Photo by Mac Dressman in Chicago, Illinois

Finally, even when plans include pedestrians and bicyclists in the infrastructure, execution is often lacking. For example, it’s clear that safety for bicyclists and pedestrians is not prioritized on this Massachusetts road, where the mailboxes jut into the tiny, unprotected bike lane: 

Photo by Ryan Giunta in Massachusetts

Our neighborhoods and streets don’t need to look like this. By prioritizing people-first transportation like walking, biking and public transit instead of maximizing car speeds, our towns and cities can become safer, cleaner and more pleasant. 

Here’s an example of a narrow street in Chicago with a set off bike lane and sidewalk, ensuring that all modes of transportation are viable:

Photo by Mac Dressman in Chicago, Illinois

Prioritizing public transportation also makes a street feel more like a place to spend time, instead of just a place to pass through. Here’s a spot in downtown Washington, D.C., with a well-marked pedestrian crossing, a protected bike lane and an accessible sheltered bus stop.


Photo by Sam Little in Washington, D.C. 

Finally, here’s perhaps my favorite place: Chicago’s lakeshore bike and pedestrian paths. The separation from the road and access to nature makes this area both attractive and very useful for navigating the city. And it’s not in some far-off corner only accessible by car, either.

Photo by Mac Dressman in Chicago, Illinois

We’re starting this series with some photos of our own, but readers are highly encouraged to submit their own photos of the best/worst people-first infrastructure in their communities. We will feature the best ones on our social media and the next installment of this ongoing series.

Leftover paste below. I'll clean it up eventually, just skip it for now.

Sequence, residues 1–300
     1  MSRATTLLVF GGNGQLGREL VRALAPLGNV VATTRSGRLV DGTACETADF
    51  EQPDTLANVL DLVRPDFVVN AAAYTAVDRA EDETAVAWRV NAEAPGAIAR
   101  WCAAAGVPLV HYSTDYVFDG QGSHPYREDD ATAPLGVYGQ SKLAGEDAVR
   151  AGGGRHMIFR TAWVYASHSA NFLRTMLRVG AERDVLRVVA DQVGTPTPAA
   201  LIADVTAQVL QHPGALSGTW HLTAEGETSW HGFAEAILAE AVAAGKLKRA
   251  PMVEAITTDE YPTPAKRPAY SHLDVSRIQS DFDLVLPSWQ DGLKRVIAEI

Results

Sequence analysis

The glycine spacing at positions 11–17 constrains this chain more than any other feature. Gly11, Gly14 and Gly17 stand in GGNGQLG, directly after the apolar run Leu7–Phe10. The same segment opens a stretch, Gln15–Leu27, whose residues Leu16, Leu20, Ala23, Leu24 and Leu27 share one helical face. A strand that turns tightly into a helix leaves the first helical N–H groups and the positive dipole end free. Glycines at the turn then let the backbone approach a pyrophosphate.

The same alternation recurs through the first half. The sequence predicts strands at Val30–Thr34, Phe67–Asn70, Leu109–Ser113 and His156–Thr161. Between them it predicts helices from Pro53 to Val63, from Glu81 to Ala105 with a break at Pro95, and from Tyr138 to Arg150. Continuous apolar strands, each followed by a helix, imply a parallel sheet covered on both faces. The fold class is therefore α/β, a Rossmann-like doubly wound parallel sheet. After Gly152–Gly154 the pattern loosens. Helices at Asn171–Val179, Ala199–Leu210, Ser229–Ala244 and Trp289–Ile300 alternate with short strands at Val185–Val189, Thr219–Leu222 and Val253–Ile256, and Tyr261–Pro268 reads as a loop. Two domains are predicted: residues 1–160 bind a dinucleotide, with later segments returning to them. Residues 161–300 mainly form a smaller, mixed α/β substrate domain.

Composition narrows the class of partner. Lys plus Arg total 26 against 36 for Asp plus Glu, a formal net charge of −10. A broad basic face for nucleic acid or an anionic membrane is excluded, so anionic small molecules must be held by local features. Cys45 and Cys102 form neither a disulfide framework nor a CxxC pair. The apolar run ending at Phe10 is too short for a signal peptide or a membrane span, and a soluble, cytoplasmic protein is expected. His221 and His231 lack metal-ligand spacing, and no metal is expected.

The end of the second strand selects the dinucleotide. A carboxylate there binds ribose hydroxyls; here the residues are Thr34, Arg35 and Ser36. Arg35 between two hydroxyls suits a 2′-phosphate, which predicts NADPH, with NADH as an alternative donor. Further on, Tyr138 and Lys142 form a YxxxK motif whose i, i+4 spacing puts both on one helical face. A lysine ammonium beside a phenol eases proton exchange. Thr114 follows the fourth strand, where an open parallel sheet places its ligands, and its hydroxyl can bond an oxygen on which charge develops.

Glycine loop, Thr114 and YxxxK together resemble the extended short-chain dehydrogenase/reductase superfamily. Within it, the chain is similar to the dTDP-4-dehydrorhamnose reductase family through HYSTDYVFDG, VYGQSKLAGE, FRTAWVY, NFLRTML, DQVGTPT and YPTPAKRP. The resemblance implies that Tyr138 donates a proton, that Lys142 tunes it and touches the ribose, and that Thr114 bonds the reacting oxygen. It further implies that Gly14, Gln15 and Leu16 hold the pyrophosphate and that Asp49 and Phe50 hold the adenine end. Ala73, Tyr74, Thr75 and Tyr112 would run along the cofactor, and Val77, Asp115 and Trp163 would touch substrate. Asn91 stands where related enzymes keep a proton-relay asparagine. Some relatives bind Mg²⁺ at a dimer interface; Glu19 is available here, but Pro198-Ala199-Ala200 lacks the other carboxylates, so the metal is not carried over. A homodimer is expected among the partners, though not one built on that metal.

We’re looking for examples of the following: 

Car-first infrastructure:

  • Excessively large roads/highways 

  • Ugly/excessively large/poorly placed parking lots

  • Dangerous pedestrian crossings

  • Streets missing sidewalks or bike lanes

  • Poorly placed sidewalks and bike lanes

  • Important locations that are inaccessible by foot/bike/transit

  • Poorly managed temporary changes to pedestrian infrastructure (closures with no alternative path or poorly cleared off areas after snowstorms)

People-first infrastructure:

  • Protected bike lanes

  • Pedestrian-only plazas/closed streets

  • Good bus stops with dedicated lanes

  • Attractive transit stops

  • Narrow streets with pedestrian-friendly design

  • Roadway lighting fixtures

  • Visible crosswalks

  • Areas with accessibility infrastructure (ramps, tactile paving, etc.)

  • Uses trees, bollards, or benches to create a physical barrier between pedestrians and the road

Please email photos with a brief explanation and the general location to [email protected]. We’re excited to see what you have to share!


Background Image: SDOT Photos,


Matt Casale

Former Director, Environment Campaigns, PIRG